• Beliefs and attitudes in judo coaching: toward a new model of coaching

      Lane, Andrew M.; Collins, Malcolm D. (University of Wolverhampton, 2009)
      The purpose of this research programme was to propose a new structure for judo coaching. Judo coaching predominantly uses traditional methods emphasising progression through belts rather than success in competition as the measure of achievement. The research programme examined this issue in four stages involving seven studies. Stage 1 involved a qualitative examination of five elite coaches on what constitutes an effective coach, leading to the initial development of a 39-item judo coaching scale. Given the importance of demonstrating measures are valid, stage 2 investigated the validity of the scale among judo players and coaches. Factor analytic studies on data from 260 (130 coaches and 130 players) yielded a 7-factor solution; 1) Coaching is about winning, 2) Attitudes to coaching at different levels, 3) Attitudes to judo structure, 4) Relationships with players, 5) Presentational issues, 6) Technical knowledge link to coach level, and 7) Coach-player interactions. Multisample confirmatory factor analysis found support for the invariance of the model between coaches and players, thereby showing that relationships are consistent between different groups. Stage 3 used a multi-method approach, combining quantitative and qualitative methods. Responses to the judo coaching scale indicated perceptions of coach effectiveness vary as a function of being a player or a coach, and by level of participation (elite-v-non-elite). Qualitative results emphasise the importance of emotional control, an aspect not focused on in the interviews completed in stage 1. Stage 4 of the research investigated relationships between judo coaching scale scores and emotional intelligence. The study also investigated levels of emotional intelligence between elite and club coaches. High emotional intelligence is associated is proposed to be indicative of being able to manage the emotional states of other people and so should be a desirable quality in coaches. Results show significant relationship between judo coaching scale score and emotional intelligence factors, with further analysis showing that elite coaches reported higher emotional intelligence scores than club coaches. Based on the findings from the studies completed above, a revised judo coaching structure is presented. An elite structure should be based on players having specific performance targets including technical and tactical skills, psychological, and physiological, aligning judo more closely with the structure used in other Olympic sports. Coaches should also be given targets related to developing emotional control among players and instilling players with a self-belief to attain performance targets related to the above. Effective integration and usage of such personnel is required including developing and inculcating sport science knowledge into the practice of elite coaches, and then modifying this knowledge for use in the club system. It is hoped that findings from this research stimulates discussion, and action in the British Judo Association to revise the current system, which could lead to better judo coaching, better players, and ultimately enhanced Olympic success at London 2012.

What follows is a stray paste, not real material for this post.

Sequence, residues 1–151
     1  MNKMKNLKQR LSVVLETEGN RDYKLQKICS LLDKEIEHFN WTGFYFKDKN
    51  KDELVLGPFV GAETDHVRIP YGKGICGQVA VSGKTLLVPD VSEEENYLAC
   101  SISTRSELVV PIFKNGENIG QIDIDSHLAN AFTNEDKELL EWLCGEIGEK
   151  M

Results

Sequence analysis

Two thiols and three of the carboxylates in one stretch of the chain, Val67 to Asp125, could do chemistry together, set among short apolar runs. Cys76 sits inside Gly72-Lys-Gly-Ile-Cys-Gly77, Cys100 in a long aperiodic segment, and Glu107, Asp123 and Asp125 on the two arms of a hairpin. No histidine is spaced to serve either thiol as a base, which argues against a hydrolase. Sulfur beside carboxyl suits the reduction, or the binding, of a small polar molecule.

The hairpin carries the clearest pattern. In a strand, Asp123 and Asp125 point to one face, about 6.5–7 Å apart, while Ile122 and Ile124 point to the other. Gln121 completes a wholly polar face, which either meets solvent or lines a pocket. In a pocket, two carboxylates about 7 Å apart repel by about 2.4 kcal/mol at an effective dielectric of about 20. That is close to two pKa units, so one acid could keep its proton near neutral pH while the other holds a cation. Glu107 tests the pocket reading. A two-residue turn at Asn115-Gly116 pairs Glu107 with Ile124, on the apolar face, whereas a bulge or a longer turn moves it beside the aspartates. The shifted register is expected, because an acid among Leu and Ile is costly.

• Beliefs and Perceptions in the construction of HIV stigma and sexual health seeking behaviour among Black sub-Sahara African (BSSA) communities in Birmingham, UK.

      Nyashanu, Mathew. (2017)